August of this year will see the 50th anniversary of the world’s fastest Indian, a remarkable event in motorcycling history. Discover how the spirit of Burt Munro lives on, as Indian take to the Bonneville Flats. 50 years ago, Herbert “Burt” Munro set a land speed record that still stands today.
On a 48-year-old Indian Scout, the 68-year-old Munro thundered down the Salt Lake track at 184.07mph to set a world record speed in the under 1000cc streamliner class. If you think that’s incredible, one of his unofficial runs timed him at a fraction over 200mph! But the most amazing part of this story starts long before that famous day. In fact, it starts in the last year of the 19th century when Herbert James Munro was born.
It would be easy to imagine not a lot happening in the most southerly town in the world at the very tip of New Zealand. However, the internal combustion engine was changing the world, and fantastic mechanical devices even made their way to Invercargill; Munro’s hometown.
Working on his dad’s farm, a young Herbert satisfied his desire for speed by riding their only horse flat out, but the moment he saw his first motorcycle, there was no going back.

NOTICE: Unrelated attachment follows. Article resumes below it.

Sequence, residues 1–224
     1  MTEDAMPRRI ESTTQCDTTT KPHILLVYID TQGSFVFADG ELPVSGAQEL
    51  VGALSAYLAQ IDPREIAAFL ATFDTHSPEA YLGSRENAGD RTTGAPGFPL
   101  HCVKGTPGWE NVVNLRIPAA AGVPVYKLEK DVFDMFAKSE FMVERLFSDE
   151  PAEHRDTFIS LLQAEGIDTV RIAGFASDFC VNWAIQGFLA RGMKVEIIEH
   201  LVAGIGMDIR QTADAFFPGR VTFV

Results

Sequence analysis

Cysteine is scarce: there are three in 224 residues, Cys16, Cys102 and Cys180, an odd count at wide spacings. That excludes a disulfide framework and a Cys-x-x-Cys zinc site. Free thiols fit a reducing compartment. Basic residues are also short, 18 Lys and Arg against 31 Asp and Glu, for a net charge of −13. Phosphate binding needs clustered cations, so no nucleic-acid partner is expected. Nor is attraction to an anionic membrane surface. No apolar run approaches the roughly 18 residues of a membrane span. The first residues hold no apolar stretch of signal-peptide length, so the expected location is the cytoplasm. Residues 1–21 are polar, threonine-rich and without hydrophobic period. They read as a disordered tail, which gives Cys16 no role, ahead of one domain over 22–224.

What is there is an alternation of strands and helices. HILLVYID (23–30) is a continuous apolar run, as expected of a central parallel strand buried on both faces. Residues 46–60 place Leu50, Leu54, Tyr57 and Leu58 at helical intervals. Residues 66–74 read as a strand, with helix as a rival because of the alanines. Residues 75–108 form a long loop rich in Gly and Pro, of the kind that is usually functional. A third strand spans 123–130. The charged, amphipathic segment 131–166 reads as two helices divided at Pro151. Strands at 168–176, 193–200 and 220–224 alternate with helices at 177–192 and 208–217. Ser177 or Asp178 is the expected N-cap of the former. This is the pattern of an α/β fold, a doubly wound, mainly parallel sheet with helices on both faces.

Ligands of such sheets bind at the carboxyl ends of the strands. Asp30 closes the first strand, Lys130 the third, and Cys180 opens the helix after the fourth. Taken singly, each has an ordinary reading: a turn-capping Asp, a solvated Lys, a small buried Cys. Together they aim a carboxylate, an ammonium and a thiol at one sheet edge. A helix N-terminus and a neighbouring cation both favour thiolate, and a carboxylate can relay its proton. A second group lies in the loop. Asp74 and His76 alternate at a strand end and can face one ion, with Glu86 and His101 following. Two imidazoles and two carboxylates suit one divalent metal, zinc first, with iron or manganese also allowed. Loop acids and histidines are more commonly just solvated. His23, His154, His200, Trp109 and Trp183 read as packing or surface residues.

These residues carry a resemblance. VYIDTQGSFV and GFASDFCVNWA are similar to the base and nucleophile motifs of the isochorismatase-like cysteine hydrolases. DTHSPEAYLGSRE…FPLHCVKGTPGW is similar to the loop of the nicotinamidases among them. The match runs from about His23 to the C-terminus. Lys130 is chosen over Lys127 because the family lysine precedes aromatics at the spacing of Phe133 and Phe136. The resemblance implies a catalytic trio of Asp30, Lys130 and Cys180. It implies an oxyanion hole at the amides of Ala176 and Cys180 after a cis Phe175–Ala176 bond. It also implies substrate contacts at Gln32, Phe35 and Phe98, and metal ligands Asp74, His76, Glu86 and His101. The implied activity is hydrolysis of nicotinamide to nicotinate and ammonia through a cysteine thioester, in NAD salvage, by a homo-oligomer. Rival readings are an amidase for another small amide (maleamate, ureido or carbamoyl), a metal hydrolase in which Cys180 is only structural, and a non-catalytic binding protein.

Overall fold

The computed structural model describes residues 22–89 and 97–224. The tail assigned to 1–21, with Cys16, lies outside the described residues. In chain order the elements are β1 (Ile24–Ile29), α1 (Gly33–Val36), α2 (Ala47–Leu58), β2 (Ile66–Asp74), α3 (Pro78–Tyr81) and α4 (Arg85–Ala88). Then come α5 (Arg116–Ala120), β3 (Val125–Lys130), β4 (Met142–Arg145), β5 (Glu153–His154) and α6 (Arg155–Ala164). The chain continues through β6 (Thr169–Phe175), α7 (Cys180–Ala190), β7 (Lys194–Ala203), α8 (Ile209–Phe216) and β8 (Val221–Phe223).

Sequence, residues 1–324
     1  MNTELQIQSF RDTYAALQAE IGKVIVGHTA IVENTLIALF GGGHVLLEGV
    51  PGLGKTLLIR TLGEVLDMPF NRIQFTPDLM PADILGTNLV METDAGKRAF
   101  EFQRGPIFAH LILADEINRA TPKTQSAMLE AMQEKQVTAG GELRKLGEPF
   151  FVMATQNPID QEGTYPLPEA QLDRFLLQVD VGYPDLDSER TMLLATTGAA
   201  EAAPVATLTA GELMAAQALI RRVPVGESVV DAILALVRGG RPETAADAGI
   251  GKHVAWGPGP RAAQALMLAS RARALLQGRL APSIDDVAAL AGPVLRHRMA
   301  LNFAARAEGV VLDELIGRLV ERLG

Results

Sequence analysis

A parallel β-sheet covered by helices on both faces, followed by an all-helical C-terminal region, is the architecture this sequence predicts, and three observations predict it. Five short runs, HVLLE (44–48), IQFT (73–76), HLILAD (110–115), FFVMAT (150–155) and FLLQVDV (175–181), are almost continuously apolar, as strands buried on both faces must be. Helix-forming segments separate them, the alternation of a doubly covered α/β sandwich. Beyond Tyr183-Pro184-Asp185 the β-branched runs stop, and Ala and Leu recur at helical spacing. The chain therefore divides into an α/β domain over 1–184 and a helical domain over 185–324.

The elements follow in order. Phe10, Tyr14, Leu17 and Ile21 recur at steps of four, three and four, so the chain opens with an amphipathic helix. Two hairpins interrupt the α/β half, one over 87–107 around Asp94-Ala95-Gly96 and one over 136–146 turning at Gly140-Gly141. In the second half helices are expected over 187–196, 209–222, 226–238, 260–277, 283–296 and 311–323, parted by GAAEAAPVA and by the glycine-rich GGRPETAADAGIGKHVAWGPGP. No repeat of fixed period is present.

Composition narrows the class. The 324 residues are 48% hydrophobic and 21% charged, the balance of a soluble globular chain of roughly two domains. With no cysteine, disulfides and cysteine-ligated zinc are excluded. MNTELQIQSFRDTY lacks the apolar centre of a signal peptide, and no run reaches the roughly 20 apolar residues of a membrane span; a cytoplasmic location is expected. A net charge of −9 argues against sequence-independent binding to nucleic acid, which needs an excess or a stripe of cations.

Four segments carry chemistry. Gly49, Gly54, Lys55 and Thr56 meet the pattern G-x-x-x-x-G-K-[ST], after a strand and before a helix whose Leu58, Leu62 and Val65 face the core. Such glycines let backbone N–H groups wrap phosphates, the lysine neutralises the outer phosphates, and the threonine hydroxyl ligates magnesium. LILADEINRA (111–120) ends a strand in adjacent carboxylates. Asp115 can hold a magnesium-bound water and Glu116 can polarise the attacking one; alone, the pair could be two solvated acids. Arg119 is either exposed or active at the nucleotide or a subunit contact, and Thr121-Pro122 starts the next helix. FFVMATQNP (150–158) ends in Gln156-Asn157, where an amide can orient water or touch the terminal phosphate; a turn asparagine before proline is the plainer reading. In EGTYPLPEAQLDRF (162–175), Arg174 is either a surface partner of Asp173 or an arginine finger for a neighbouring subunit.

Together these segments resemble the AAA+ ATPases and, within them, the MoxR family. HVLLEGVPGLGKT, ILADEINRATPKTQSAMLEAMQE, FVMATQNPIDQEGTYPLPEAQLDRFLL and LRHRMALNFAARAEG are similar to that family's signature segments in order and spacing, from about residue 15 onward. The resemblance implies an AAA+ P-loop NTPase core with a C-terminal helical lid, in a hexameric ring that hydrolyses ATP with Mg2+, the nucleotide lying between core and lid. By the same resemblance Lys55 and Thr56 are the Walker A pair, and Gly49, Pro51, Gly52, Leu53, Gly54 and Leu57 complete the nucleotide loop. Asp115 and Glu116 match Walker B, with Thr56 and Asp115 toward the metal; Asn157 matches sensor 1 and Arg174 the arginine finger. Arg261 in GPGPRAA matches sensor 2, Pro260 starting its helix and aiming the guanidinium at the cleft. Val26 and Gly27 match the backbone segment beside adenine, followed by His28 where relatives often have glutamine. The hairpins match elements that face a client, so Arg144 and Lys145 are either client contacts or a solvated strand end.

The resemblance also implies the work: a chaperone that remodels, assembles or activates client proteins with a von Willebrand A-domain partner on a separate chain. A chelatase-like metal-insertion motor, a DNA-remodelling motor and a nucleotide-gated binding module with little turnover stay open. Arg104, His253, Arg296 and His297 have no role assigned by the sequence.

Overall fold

Reading tip: 9 Motorcycle Books (incl. the book about Burt Munro)
Burt Munro’s First Motorcycle
In 1917, a local dealer started importing British made Clyno motorcycle and sidecar outfits. At first sight, Munro drew every cent of his savings out of the bank and bought one. Within a month, he’d dumped the sidecar and was racing the 6hp V- twin at local events.
Three years later, that same Invercargill dealer brought over the first batch of Indian Motorcycles. The day after they hit the showroom floor, Munro had sold his Clyno and rode away on a brand new 606cc Indian Scout.
The Scout was quite advanced for its day, being the first American made side-valve V -twin to have a separate transmission attached to the engine casing. This design allowed for a much more robust geared primary drive for the 3-speed hand change box.
Munro was over the moon with his new purchase. Although the top speed of 50mph was pretty impressive for the day, it wasn’t long before he started ‘messing about’ with the engine. This purchase heralded the beginning of the Scout’s engine development, which would last for over 50 years and eventually see almost every part of the bike altered and improved beyond recognition.
Without any formal training, Munro’s engine tuning was all trial and error. The story of the Scout’s increase in power and speed marked by the countless blown engine parts that weighed down the shelves of his workshop.
Pro Speedway Rider
During those post-WWI years, the New Zealander’s appetite for any competitive motorcycle sport was insatiable, from hill climbs to sprints. He even set a record for riding 116 miles on a single gallon of petrol, as well as touring NZ and Australia as a professional speedway rider. However, it was the competitions of outright speed that he enjoyed the most.
This era was a dark time in the world’s past, the Great Depression reached the southern hemisphere, and Munro quit touring and returned home to Invercargill. He married, wife Florence who presented him with four children and Munro secured employment selling motorcycles.